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Dear Coast,

My name is Chris Arsenault and I am a freelancer working with the Chronicle Herald, CBC, THIS Magazine and other outletts around Canada.

I wasn't sure who is the proper person to pitch to, so figured I'd try this.

I am Sending a story about a recent tour of NS by a Colombian villager who blames NS Power for destroying his home. I have pictures to accompany if you are interested.

If you want to see some of my work, I have the cover story and photos in the latest issue of THIS Magazine http://www.thismagazine.ca/issues/2006/03/collateral.php

If you're interested in the story, blast me an e-mail and we can talk about rates.

Thanks for the consideration,

Sincerely,

Chris Arsenault arsenault_chris@hotmail.com902-802-1355

NS Power Importing 'Blood Coal': Displaced Colombia Villager.

Coal mining is usually a dirty business but for Jose Julio Perez and the 700 other former residents of Tabaco, a small town in northern Colombia, it's downright bloody. The village was illegally destroyed to make way for the expansion of Cerrejun, the world's largest open pit mine which supplies coal to Nova Scotia Power.

Mr. Perez spoke in Halifax last week, trying to arouse indignation among NS Power's customers, “I appreciate what you are doing tonight,trying to understand and feel our pain,” Mr. Perez said to the fifty people gathered at Dalhousie University to hear his presentation. “ We feel international pressure will help us receive justice,” said Perez.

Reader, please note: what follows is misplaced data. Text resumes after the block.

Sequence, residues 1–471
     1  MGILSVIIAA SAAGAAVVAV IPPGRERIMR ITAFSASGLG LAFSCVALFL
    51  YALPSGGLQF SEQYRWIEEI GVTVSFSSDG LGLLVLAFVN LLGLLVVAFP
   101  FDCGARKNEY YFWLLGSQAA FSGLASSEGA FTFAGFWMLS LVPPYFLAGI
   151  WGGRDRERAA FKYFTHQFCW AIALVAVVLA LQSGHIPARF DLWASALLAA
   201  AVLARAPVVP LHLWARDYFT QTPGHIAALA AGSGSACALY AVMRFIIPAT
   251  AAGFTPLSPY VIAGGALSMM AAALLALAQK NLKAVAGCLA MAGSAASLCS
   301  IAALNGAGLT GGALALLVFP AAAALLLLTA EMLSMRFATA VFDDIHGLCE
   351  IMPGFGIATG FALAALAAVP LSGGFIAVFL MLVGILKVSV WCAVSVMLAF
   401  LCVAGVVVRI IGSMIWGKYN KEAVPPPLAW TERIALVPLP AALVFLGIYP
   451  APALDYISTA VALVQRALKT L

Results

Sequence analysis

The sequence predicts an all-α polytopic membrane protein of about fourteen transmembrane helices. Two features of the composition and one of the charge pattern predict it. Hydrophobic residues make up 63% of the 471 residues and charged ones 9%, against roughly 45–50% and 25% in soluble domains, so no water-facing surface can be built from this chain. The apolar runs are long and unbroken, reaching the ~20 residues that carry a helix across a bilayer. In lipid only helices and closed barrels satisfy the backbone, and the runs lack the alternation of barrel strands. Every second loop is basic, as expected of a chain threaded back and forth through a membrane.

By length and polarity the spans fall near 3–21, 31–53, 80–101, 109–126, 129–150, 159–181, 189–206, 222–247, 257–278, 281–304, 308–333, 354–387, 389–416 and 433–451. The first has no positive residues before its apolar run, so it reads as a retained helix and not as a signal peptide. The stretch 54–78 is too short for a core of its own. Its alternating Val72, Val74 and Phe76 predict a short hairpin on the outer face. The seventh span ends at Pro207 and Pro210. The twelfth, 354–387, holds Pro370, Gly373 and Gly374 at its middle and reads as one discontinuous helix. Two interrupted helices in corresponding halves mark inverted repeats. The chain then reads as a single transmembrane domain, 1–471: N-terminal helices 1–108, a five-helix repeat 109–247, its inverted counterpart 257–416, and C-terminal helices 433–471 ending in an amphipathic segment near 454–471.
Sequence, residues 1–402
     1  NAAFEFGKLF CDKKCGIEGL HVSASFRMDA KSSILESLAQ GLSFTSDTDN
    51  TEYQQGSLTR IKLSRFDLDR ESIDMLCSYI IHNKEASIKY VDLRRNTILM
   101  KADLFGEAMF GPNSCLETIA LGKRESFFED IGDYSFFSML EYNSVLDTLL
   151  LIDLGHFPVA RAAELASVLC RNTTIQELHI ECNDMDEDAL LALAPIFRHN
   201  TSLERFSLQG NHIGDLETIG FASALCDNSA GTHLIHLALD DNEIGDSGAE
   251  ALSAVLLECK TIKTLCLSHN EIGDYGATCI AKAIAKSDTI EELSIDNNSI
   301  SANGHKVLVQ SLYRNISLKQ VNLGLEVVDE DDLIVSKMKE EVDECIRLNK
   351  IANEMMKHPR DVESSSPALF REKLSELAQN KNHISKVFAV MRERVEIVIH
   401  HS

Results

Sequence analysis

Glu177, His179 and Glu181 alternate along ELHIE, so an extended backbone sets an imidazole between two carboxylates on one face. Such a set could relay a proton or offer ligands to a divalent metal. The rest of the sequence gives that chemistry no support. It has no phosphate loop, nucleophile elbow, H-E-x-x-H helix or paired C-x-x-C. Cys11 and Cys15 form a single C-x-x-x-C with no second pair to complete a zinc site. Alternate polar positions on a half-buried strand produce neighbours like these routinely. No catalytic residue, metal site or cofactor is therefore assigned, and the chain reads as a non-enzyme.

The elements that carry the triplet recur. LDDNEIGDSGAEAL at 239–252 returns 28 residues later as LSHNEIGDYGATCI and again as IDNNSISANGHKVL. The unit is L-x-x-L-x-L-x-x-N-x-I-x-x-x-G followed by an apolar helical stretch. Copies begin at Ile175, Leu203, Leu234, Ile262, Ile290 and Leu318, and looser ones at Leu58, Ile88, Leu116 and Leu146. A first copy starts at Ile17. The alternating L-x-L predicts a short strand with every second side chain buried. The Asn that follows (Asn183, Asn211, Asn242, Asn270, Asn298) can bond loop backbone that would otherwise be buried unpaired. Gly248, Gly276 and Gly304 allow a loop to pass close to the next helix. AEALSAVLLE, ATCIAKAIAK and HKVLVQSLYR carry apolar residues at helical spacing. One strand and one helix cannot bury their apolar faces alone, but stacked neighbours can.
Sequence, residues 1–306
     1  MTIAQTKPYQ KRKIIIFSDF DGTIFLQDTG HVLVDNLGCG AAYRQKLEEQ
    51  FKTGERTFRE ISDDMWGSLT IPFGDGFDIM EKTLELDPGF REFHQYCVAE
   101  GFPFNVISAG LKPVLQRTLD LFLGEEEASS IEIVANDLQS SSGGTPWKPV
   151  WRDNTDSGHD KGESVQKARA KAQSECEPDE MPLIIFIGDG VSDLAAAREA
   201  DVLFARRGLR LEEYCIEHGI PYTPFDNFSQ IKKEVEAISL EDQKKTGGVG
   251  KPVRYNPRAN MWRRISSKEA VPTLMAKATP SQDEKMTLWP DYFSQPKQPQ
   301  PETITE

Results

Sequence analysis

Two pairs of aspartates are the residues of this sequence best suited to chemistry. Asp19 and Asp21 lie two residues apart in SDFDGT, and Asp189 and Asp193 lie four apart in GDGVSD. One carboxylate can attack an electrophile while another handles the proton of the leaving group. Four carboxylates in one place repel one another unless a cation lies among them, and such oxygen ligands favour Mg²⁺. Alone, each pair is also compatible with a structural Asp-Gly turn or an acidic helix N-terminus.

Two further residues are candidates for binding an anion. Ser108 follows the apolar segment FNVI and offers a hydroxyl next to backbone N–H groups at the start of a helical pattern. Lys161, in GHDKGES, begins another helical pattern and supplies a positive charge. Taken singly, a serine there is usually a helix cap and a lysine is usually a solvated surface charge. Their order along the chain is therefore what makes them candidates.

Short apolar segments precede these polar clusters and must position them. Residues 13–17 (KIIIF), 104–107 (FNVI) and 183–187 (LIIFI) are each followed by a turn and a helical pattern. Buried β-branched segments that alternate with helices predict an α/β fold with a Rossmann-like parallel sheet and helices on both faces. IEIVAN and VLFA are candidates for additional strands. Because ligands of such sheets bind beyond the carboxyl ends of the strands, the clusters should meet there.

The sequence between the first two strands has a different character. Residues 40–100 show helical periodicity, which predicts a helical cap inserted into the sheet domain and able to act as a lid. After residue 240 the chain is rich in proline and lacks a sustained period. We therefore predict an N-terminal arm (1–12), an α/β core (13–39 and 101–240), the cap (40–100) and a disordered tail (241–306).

Approximately 17% of the NS Power's coal comes from Colombia's often violent mining sector. Most of NS Power's Colombian coal comes from Cerrejun, stretching more 50 km in northern Colombia. During Cerrejun rapid expansion, entire Afro-Columbian communities, like Mr. Perez's, were displaced; 350 000 Colombians were violently ousted in the first nine months of 2002alone.

Mr. Perez's presentation began with a short video from the 2001 eviction and eventual destruction of his town; heavily armed riot police bullied unarmed villagers while bulldozers smashed the town's church and school.

Members of the media, who were filming the event, had their cameras broken by the army and faced multiple threats. The camera panned to an interview with Mr. Perez who stood in front destroyed home: concrete and corrugated iron laying in shambles as his son cried.

“ It's crucial for Nova Scotians to realize that whenever they flip the light switch, blood flows along with electricity,” said Garry Leech, a political science professor at Cape Breton University specializing in Colombia and a member of the Atlantic Regional Solidarity Network (ARSN), the organization coordinating the 'blood-coal' campaign.

"There are coal mining cooperatives in Colombia that have good human rightsrecords," says Francisco Ramirez, President of Colombia's National Mine Workers Union, who has found common cause with Jose Julio Perez and other villagers displaced by the mines.

Mr. Ramirez, who has faced seven assassination attempts for his lawful union activities at Colombian coal mines, spoke in Halifax last year as part of the campaign. "They (worker mining cooperatives)sell coal at the world market price, so I don't know why NS Power won't even consider switching, at least until the situation improves at Cerrejun," said Ramirez.